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Prebys Research Hero: Awardee

Razel Bacuetes Milo

Associate Professor, Nursing and Health Science

University of San Diego

Dr. Milo is a practicing family nurse practitioner and behavioral science researcher, studying the relationship between perceived well-being and stress among the Filipino community as a way of gaining insight into how to improve health outcomes.

"I want to help [students] learn how to develop their own research and have their own understanding of how they could go out into the community. This work is so exciting because there’s always something to learn as a practitioner that you just can’t get in a clinical setting.” 

- Dr. Razel Milo

Championing Mental Health: Dr. Razel Milo's Groundbreaking Research with Filipino Americans

When you think of a scientific researcher, you might conjure images of a scientist surrounded by test tubes and operating a multimillion-dollar piece of equipment. Dr. Razel Milo breaks that mold. She is a family nurse practitioner and a nurse scientist, and her research tools are a pen and a sheet of paper.  

She was recently awarded a $500,000 Prebys Research Heroes grant, part of a $10 million two-year initiative that celebrates the contributions female scientists make in the field of biomedical and medical research, and which honors outstanding San Diego scientists as a key lever to create a more innovative, equitable, and collaborative medical research system. 

 

Dr. Milo is Associate Professor of Nursing and Health Science at the University of California, San Diego, and a behavioral science researcher. Her work focuses on analyzing the relationship between mental health and life satisfaction among Filipino Americans as she strives to improve health outcomes for this community. She combines her clinical expertise with research to address the behavioral factors affecting chronic conditions and mental health. Her research can be crucial in developing new ways to understand and communicate with members of the community. 

 

Dr. Milo draws on two existing social science research tools – the Satisfaction with Life Scale and the Perceived Stress Scale, and her work seeks to explore the relationships between these two measurements to find ways to better serve Filipino patients. These tools have been used in a variety of languages, including Arabic and Vietnamese, but not in Tagalog, which is the language most commonly spoken by Filipino immigrants to the United States.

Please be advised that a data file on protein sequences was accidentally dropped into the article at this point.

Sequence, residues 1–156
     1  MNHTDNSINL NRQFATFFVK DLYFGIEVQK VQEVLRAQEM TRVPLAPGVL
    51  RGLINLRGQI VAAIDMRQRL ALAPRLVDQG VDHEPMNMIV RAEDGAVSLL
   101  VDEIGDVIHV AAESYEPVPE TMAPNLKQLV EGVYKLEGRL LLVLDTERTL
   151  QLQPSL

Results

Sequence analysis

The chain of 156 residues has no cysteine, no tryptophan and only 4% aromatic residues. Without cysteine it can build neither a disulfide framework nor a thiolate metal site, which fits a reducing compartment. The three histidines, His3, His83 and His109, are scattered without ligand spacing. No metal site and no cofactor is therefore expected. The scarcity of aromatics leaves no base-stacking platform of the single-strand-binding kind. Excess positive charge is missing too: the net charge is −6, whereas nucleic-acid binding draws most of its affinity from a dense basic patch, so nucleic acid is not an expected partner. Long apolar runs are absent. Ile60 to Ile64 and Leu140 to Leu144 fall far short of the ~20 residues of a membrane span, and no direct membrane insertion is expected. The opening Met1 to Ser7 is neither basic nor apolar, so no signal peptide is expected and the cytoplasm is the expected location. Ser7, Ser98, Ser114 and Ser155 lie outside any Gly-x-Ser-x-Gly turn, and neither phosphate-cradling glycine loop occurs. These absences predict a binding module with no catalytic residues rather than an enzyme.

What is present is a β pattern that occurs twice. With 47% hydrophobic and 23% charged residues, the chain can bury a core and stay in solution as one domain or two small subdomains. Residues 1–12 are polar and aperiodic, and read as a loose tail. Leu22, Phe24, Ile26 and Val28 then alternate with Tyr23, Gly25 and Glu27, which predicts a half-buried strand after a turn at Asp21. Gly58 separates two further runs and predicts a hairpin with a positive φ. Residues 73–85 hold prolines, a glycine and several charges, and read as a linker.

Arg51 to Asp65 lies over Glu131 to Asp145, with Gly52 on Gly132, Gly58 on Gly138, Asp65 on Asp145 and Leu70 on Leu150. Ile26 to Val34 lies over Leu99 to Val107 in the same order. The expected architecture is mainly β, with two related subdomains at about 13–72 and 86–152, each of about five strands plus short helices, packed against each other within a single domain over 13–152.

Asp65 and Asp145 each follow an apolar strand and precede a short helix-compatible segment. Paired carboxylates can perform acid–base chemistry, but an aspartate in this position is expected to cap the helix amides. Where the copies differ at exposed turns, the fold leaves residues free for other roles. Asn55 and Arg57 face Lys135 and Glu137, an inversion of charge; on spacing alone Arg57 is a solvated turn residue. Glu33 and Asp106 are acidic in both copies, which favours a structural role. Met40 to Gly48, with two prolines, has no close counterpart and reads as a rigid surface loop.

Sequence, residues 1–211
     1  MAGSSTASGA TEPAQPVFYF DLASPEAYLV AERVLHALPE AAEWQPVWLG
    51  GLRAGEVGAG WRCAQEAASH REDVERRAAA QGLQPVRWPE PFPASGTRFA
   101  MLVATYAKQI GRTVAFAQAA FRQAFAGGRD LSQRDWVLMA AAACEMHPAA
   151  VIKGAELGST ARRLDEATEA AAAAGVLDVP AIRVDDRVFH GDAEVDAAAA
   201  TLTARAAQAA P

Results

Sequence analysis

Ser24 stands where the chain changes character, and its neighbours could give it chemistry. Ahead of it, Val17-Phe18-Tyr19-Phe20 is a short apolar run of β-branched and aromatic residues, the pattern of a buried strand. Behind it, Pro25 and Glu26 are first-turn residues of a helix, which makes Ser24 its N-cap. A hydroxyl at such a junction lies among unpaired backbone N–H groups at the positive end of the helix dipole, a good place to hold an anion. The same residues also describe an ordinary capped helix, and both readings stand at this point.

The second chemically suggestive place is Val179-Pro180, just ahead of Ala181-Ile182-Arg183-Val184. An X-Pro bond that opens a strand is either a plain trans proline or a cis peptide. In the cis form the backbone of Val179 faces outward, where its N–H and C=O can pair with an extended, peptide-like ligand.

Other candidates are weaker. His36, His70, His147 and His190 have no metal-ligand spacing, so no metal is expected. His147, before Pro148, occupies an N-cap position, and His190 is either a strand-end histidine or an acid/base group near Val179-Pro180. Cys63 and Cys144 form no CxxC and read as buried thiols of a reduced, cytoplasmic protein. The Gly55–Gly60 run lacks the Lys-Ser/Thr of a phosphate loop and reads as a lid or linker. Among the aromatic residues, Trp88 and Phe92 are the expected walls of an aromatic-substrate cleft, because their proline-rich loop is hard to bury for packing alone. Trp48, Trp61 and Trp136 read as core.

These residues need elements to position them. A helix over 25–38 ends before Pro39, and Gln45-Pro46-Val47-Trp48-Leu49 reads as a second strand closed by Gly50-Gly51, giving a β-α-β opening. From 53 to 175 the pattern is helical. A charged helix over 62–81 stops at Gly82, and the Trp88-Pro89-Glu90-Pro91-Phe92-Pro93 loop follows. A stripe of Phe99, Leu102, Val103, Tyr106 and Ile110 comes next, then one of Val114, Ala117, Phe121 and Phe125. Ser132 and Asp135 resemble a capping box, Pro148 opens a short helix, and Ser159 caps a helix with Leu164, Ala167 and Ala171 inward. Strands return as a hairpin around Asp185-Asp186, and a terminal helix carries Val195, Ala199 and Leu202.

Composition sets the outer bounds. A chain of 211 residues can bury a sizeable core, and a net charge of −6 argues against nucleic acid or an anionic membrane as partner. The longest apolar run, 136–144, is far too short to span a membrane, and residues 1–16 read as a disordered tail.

The study is the first to establish the psychometric properties of the Satisfaction with Life Scale and the Perceived Stress Scale in Tagalog. These properties include the measurement of knowledge, abilities, attitudes, and personality traits. Dr. Milo hopes that this research will lead to reliable research tools to collect, measure, and analyze data that produce valid data for mental health assessments among Filipinos. These tools will be available to healthcare providers, community-based organizations, and researchers to suit patient needs. 

 

Dr. Milo, who was born in the Philippines and came to the United States as a teenager, says that it’s difficult to know if an existing test can be relied on scientifically among respondents whose first language isn’t English. With a background in behavioral science research, she sought to change the way those tests were implemented, noting that there was always something missing in the way this community has received information and provided feedback. “If the tests are in English, do we really know if they’re answering their surveys correctly?” she asks.  

 

Dr. Milo’s membership in the community provides her with a special understanding of the challenge of getting input from people about mental illness. She notes a high suicide rate among Filipino immigrants and reflects, “There is a stigma in talking about mental health, but we need to be able to better assess what our patients’ needs are,” she says.

  

To begin to accomplish this, Dr. Milo is working with two co-investigators to design a survey vehicle in Tagalog. This two-step process, which begins with focus groups and then moves on to conducting the survey with a larger sample, will allow the team to do the statistical analysis necessary to validate the survey and begin to use it even more widely if they are able to find significant correlations between stress levels and life satisfaction.

  

When she is not designing new ways to help evaluate people’s well-being, Dr. Milo is in the community, helping people directly. She volunteers at her church to provide services like conducting health assessments and doing blood pressure checks, and she has recently launched a mental health workshop for health providers in collaboration with the Filipino Nurses Association. 

As a professor, she guides students in developing their research skills, particularly in community outreach. “I want to help them learn how to develop their own research and have their own understanding of how they could go out into the community,” she says. “This work is so exciting because there’s always something to learn as a practitioner that you just can’t get in a clinical setting.” 

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